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nefs and willingness, without any force of compulfion. The will of the Devil is baf fed only to that which is evil, without the leaft inclination to that which is good, and yet moves freely in the highest acts of fa and malice. The will of man, confider'd ia every ftate he has been, is, or fhall be in, is determined to good or evil, and does not ftand in equilibrio, in an indifference to either. The will of man, in a ftate of innocence, was indeed mutable, and capable of being wrought upon and hotted to evil, as the event shews; yet, drite an fhure, was entirely bent or tar vUCH A KVA, and acted freely, and with an SAGIS
in obedience to the commas will of mac. i til lun addicted to fefel
things, nor can it be mov'd to that which is finful; and yet as they ferve the Lord conftantly, fo with all freedom and liberty. Confider therefore, the will in every rank of beings, its liberty does not confist in an indifference or indetermination to good and evil.
3. The liberty of the will is confiftent with fome kind of neceffity. God neceffarily, and yet freely, hates that which is evil, and loves that which is good. Chrift, as man, was under fome kind of neceffity of fulfilling all righteousness, and yet performed it voluntarily. The will of man is free from a physical or natural neceffity; it does not act and move by a neceffity of nature, as many creatures do. So the fun, moon, and ftars, move in their courfe; fire, by a phyfical neceffity, burns; light things afcend upwards, and heavy bodies move downwards. Moreover, it is free from a neceffity of coaction or force; the will cannot be forced; nor is it even by the powerful, efficacious, and unfruftrable operation of God's grace conversion; for though before, it was unwilling to fubmit to Chrift and his way of falvation, yet it is made willing in the day of his power, without offering the least violence to it; God working upon it, as Au- ftin says, Cum fuavi omnipotentia, & omnipotenti fuavitate, with a fweet omnipotence, and an omnipotent fweetness: But then the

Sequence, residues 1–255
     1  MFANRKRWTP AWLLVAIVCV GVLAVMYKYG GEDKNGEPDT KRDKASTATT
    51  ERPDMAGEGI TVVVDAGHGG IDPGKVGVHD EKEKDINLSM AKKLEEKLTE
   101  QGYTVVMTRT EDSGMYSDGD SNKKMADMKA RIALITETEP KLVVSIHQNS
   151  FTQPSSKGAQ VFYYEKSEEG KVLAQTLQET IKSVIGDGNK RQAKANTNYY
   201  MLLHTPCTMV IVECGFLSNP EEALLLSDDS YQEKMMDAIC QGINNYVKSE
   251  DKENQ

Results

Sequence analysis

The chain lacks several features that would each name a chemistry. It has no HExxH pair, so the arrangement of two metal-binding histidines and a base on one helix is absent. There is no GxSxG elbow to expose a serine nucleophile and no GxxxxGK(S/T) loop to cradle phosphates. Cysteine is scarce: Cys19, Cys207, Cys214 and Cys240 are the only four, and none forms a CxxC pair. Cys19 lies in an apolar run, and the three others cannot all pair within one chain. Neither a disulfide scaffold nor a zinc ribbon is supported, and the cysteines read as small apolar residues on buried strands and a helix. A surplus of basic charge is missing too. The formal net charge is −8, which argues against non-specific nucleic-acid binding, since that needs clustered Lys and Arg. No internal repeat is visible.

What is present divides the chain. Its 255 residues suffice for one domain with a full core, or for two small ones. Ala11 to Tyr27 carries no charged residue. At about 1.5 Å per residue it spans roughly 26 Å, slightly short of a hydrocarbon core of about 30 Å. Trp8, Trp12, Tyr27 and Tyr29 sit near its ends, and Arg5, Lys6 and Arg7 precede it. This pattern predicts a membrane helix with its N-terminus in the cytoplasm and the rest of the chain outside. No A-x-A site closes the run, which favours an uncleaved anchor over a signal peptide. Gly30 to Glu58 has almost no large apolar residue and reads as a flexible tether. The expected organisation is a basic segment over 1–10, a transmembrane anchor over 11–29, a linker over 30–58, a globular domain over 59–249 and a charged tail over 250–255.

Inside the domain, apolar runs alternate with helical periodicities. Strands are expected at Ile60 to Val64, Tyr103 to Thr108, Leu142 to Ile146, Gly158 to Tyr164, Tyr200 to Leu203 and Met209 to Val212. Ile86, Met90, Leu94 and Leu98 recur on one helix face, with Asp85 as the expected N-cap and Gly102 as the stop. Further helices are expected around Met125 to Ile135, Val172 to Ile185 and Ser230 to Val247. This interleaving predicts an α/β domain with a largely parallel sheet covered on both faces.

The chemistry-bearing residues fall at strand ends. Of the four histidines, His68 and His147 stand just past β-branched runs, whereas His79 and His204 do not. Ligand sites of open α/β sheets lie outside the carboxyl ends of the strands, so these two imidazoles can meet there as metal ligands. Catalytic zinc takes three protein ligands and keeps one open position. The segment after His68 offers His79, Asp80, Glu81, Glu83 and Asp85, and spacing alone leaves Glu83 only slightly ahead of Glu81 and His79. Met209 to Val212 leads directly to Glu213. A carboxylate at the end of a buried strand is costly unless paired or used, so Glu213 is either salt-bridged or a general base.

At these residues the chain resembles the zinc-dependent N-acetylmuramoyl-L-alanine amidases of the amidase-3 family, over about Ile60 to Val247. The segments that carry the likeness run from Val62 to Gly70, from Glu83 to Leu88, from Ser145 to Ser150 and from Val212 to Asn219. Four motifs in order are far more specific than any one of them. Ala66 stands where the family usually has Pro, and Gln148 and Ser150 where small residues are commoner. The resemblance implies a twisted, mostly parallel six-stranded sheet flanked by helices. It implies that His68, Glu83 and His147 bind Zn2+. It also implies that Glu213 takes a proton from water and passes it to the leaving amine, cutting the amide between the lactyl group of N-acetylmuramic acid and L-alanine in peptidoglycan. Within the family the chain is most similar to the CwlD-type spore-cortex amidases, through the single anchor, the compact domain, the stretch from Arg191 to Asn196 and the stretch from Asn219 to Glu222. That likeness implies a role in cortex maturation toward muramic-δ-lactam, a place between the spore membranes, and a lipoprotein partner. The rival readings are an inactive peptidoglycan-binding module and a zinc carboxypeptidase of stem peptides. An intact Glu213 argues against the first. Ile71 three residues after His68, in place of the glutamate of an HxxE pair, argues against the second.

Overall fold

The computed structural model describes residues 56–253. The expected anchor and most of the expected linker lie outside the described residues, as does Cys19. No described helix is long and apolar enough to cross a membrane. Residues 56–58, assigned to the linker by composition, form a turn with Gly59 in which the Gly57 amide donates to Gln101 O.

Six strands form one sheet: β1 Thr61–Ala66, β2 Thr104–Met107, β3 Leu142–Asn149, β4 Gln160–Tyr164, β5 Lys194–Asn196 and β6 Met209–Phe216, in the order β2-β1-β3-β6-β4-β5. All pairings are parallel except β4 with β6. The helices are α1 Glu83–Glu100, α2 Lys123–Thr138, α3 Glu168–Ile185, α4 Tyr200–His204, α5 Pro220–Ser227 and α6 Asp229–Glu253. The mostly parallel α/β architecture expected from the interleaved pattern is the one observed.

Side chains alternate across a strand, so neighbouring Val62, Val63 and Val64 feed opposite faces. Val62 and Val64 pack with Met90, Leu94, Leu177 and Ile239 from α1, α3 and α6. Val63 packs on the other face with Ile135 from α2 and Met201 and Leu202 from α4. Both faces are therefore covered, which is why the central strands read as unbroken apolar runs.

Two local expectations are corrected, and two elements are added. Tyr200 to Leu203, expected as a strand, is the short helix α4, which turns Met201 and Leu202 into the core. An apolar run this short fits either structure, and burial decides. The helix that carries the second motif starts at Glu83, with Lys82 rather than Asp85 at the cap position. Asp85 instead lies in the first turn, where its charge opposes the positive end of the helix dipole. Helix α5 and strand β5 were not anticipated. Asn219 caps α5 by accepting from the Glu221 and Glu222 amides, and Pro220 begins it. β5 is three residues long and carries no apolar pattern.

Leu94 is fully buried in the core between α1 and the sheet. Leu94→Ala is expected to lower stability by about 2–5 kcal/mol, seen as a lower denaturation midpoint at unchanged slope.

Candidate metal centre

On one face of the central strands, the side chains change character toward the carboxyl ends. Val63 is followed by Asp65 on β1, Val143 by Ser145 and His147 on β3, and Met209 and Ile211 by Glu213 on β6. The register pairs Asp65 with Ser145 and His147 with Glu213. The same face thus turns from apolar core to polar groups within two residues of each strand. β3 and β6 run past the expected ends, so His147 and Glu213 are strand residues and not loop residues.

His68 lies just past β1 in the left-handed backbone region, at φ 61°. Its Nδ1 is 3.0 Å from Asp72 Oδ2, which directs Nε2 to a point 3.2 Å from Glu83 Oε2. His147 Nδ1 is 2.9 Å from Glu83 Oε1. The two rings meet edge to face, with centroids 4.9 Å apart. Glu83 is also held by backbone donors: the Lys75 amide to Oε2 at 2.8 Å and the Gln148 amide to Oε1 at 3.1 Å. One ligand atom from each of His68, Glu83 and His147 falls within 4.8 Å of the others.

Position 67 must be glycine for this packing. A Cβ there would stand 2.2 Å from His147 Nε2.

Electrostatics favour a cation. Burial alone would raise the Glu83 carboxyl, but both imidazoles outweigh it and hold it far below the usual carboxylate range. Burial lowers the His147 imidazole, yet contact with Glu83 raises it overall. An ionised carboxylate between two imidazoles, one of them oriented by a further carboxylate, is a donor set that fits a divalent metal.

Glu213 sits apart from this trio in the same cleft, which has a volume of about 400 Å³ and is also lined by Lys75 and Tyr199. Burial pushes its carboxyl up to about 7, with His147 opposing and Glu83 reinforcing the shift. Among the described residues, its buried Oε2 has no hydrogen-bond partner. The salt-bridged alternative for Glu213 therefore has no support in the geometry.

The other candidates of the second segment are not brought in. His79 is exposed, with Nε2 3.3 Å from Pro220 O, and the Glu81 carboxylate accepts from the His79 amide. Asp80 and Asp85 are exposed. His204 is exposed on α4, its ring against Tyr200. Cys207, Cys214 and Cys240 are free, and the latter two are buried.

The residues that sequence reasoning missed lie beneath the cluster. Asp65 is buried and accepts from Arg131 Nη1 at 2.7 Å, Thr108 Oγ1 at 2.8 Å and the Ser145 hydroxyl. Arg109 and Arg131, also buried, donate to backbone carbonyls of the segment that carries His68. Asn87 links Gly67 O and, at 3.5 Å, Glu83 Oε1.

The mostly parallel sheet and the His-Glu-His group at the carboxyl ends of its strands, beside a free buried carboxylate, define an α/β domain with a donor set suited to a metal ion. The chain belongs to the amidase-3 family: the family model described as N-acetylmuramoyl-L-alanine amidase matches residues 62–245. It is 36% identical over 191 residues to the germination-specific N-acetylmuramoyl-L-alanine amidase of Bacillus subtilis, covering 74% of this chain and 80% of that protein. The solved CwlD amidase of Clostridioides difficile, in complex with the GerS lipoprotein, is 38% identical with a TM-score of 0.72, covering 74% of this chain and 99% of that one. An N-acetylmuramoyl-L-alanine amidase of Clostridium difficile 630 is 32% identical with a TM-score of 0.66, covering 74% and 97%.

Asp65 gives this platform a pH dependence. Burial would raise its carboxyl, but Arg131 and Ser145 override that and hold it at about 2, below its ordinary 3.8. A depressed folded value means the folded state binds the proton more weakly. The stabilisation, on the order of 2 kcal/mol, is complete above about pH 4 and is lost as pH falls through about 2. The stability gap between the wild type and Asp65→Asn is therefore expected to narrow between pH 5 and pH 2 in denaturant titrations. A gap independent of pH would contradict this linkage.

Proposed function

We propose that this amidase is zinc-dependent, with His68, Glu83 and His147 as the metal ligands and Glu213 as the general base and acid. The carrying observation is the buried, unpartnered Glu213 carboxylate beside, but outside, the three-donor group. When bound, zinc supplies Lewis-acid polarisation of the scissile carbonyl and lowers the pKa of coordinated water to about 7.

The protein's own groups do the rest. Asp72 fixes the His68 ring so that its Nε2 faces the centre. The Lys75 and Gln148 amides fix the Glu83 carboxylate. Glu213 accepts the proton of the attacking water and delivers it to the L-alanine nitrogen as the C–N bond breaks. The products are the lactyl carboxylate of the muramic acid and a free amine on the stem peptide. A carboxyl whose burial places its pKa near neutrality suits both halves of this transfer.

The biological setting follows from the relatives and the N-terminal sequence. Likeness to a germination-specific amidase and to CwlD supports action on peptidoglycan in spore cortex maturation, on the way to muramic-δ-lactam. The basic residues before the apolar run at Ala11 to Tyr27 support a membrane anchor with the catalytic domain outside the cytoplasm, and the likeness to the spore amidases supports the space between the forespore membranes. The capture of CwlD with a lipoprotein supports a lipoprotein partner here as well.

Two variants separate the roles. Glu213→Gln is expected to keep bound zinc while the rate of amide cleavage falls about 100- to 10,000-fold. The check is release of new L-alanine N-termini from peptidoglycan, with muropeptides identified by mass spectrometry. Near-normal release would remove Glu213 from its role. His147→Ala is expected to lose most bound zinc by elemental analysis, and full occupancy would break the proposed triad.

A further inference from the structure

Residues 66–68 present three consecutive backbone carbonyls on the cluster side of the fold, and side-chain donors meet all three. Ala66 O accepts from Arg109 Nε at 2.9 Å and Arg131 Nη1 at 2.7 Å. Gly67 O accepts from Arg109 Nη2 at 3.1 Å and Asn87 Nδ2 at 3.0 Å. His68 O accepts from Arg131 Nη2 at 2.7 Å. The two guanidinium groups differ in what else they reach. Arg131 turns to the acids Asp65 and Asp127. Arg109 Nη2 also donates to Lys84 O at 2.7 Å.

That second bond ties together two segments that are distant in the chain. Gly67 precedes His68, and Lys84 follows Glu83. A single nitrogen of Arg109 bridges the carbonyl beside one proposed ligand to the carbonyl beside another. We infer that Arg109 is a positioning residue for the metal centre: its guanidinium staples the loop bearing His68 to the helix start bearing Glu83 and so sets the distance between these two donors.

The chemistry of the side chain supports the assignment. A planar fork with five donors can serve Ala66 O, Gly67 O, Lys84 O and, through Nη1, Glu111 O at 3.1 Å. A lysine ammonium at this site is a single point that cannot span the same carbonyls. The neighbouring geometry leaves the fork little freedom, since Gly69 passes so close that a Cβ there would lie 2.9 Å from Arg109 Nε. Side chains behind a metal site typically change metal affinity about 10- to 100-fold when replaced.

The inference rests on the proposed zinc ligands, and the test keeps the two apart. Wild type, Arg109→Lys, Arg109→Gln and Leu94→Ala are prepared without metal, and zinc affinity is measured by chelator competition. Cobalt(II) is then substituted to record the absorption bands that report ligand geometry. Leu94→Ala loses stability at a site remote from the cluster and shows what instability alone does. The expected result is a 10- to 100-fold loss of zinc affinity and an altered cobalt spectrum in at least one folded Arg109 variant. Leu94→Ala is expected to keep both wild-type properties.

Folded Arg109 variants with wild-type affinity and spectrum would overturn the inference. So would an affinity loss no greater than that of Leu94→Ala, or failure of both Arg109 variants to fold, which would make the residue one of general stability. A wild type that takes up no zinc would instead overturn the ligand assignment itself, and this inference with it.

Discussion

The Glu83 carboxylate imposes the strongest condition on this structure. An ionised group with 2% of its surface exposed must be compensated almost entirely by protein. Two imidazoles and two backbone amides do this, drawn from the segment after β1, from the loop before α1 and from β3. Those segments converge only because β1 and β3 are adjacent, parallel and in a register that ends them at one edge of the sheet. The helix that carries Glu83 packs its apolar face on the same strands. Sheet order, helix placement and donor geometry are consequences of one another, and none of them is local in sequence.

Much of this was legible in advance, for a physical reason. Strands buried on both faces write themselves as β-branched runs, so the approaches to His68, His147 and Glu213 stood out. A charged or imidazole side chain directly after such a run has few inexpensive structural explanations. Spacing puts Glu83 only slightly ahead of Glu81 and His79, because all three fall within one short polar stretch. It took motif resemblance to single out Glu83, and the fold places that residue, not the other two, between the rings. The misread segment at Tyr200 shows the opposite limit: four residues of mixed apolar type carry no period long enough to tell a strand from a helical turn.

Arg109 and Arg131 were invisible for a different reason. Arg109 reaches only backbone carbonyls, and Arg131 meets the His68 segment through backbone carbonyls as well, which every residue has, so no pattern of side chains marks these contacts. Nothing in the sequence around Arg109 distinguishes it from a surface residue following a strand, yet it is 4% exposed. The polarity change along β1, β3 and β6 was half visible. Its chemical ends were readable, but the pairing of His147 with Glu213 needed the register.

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the law of God over, there is schoolmen call
and yet men never acted more freely as well as more wickedly than the Jews did in al the parts and circumstances of that tragical scene. So that the liberty of the will is confiftent with some kind of neceffity, yea, even with fome kind of fervitude. A fervant may ferve his mafter freely and voluntarily, as the Hebrew fervant that was unwilling to part from his matter when his time of fervitude was expired. A wicked man, who commits fin, gives up himself wholly to it, is a fervant of it, yet acts freely in all his fhameful and finful fervices; even at the fame time he is a flave to those lufts and pleasures he chooses and delights in; which made Luther call free-will Servum arbitrium.
4. The confideration of the will of man in the feveral ftates of innocence, the fall, regeneration and glorification, ferves much to lead us into the true nature and notion of the liberty and power of it. Man, in his state of innocence, had both a power and will to do that which was naturally and morally good; though his will was left mutable, and fo through temptation might be inclined to evil, at which door came in the fin and fall of man. Man, in his fallen ftate, is wholly under the power and dominion of fin, is a captive under it, and a flave unto it, and has neither a power nor will to that which is fpiritually good. Man, in a flate of regene